Soy Printed Samples
Why Use Soy Inks? The Question is…Why Not?
Soy ink is relatively new to the printing scene, but has great benefits and availability. Below are some benefits:
- Soy inks create rich, vivid color that “pop” off the page
- Soy inks helps prevent pollution (low in VOC’s, or Volatile Organic Compounds)
- Soy inks are a safe, sustainable, and renewable resource
- Soy inks promotes paper recycling (they are more easily stripped from paper during the de-inking / recycling process than petroleum inks)
- Soy inks are comparably priced to most petroleum-based inks
- Soy inks are accessible: 25% of the nation’s offset printers use them
- Soy inks creates less waste on press (they remain more stable throughout the printing process so there are fewer ‘rejects” at the end of the print run)
Soy-based inks are very similar to petroleum-based inks, the only exception being that they contain 20-100 percent soy oil instead of petroleum. The ink can be used on virtually any lithographic press without modification or special cleaning agents. It is available in all Pantone Matching System and process colors and formulations. Roughly 25 percent of offset printers in the United States use them, and a staggering 90 percent of daily newspapers use them. Imagine how much waste has been prevented already just from newspapers switching to soy inks. They produce vivid colors, which pop off of the page. During the printing process, soy inks remain more stable, thus requiring fewer reject prints after the print run. Soy inks contain a minimal Volatile Organic Compounds, or VOC’s, and are also recycling center friendly when it comes to de-inking the materials. Soy ink contains non-toxic soybean oil, the same used in cooking oils, salad dressings, and thousands of other foods we consume daily. Soybean oil is also extracted from soybeans grown in the United States, so simply by requesting soy inks when you go to the printer you are supporting American agriculture.
As quoted by the United Soybean Board and the National Soy Ink Information Center, “Using soy ink helps the nation’s economy by providing a market for a domestic crop while diminishing dependence on foreign resources such as petroleum oil.”
We are already switching over many of our petroleum dependant products to the flank the downfalls of foreign oil reliance. Why not follow the trends of the green movement and be ahead of the game while manufacturing vividly printed products at the same time? If anyone is curious, I use JakPrints.com (How JakPrints is Making a Difference) to print most of my projects. They have affordable prices and good service.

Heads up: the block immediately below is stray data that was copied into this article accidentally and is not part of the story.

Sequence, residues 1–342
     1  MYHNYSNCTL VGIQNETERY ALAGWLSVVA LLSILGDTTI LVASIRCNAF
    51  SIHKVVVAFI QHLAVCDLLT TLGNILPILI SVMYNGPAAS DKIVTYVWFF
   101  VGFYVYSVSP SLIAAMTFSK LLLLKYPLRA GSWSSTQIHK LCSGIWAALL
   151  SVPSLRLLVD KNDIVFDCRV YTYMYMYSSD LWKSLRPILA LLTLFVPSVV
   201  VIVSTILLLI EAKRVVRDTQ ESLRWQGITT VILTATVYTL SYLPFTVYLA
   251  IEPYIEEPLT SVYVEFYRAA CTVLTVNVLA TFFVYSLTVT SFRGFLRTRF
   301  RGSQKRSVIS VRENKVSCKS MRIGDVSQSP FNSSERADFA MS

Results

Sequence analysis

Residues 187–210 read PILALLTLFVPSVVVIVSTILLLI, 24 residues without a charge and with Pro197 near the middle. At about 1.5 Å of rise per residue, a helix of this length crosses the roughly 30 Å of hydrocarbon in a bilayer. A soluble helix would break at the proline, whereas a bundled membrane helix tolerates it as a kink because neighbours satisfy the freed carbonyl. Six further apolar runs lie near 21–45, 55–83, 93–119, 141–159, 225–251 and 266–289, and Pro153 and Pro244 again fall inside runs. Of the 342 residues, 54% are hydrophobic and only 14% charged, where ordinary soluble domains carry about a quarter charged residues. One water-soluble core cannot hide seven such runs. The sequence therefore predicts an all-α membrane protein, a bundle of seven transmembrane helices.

With all of the new technology in manufacturing, and the demand for high quality design, companies may not think that eco-friendly design is appealing. However, after ample research, I have weighed the cost and benefits. Graphic designers, and the clients work for, have the ability to move toward more eco-friendly practices without jeopardizing profit margins. There are numerous solutions, and benefits, to the environmental situations we are currently encountering. Green design can be a positive influence for the way our industries go about delivering products to consumers. Graphic designers play substantial roles in everyone’s lives from providing fine art to providing design and solid advice to clients who seek them out for their services. Clients are often in the dark about ways to enhance print design or use sustainable materials, but designers have the specific the role of choosing how their work is produced from start to finish. The next time designers present a project, they should intrigue their audience with their knowledge of green design and how it can benefit the company and the world. Both designers and clients will feel satisfaction, whether it’s because they just took their positive branding campaign to the next level, or the fact they contributed to improving the environment for everyone by eliminating future waste products from the earth.Sources http://insite.artinstitutes.edu/graphic-designers-go-green-with-sustainable-packaging.aspx http://www.soygrowers.com/ http://www.google.org/googlers.html http://www.jnj.com/connect/caring/environment-protection/ National Soy Ink Information Center. Soy Ink Questions & Answers. Des Moines, IA, 2003.